LME Nickel market (temporarily) in turmoil
In the early hours of the morning of the 7th March 2022 while the Asian trading session was underway, there was a serious “accident” in the nickel market of the London Metal Exchange (LME), for which, at first glance, the exchange was not sufficiently prepared. A disproportionately large short position on the exchange directly, but also over the counter (OTC), built up by a market participant with the help of brokers and banks caused turmoil. The recent increase in nickel prices, caused by supply fears in nickel due to the Russian/Ukrainian crisis had brought the dominant position so much in deficit that brokers and banks evidently got cold feet and demanded further margin calls from the position holder(s). As these were not paid immediately there was even greater unrest. Apparently, brokers and bankers began to liquidate the position in order to limit their own potential losses. In a tight market, this buying drove prices to dizzying, fully artificial heights on the 7th and 8th March. On the 8th March the LME then hit the emergency brakes and temporarily suspended LME nickel trading.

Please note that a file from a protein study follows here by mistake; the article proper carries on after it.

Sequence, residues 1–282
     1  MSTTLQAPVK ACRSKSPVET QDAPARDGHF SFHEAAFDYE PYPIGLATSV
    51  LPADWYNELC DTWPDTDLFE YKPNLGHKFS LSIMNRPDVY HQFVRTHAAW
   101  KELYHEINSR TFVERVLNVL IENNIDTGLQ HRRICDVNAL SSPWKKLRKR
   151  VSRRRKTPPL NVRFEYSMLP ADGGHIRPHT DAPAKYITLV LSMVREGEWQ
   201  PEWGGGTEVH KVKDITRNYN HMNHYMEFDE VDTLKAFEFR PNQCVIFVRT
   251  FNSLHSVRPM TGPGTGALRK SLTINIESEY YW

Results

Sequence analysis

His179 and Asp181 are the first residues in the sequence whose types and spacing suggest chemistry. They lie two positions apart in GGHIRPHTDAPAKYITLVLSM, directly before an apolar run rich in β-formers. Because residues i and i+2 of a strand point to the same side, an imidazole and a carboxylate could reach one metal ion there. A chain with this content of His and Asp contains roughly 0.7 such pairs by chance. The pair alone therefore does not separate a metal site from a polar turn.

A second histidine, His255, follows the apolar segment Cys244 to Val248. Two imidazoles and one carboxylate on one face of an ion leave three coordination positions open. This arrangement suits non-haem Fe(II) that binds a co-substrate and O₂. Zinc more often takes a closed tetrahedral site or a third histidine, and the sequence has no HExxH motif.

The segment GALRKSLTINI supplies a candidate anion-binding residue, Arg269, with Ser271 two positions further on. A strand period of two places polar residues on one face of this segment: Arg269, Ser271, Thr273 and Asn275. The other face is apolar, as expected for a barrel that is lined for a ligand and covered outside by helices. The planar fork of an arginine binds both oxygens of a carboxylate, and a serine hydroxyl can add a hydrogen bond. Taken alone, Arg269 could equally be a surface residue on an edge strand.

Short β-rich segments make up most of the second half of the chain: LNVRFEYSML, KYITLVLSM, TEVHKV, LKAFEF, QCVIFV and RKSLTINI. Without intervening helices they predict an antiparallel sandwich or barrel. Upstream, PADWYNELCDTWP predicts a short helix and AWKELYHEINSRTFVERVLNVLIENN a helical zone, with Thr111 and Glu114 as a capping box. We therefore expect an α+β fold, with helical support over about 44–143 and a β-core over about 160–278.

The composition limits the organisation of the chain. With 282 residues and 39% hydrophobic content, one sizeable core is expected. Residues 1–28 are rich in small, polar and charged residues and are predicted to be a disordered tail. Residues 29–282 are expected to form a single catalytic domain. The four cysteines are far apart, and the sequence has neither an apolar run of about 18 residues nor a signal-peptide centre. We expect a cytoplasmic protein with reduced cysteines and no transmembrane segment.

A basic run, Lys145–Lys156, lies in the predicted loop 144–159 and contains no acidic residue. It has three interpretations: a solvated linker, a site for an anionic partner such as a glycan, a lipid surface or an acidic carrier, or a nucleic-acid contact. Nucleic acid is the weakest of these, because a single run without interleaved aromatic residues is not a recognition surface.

Before the nickel market gradually resumed trading on the 16th March with the introduction of narrow daily bands, according to recurring market information the financially quite powerful position holder and his banks had used the time to rectify the cause of the situation. It was no surprise, therefore, that the days following saw a decline in prices, within a daily controlled range set by the exchange, so that the market could be brought back to more stable levels. On the 21st March, the closing price was USD 31,380.00/mt. Since the market turbulence was much more than had ever been expected, criticism of the LME grew. However, it is still too early to make a judgement on the medium and long-term consequences of the LME nickel price as an internationally acknowledged price reference for the industry.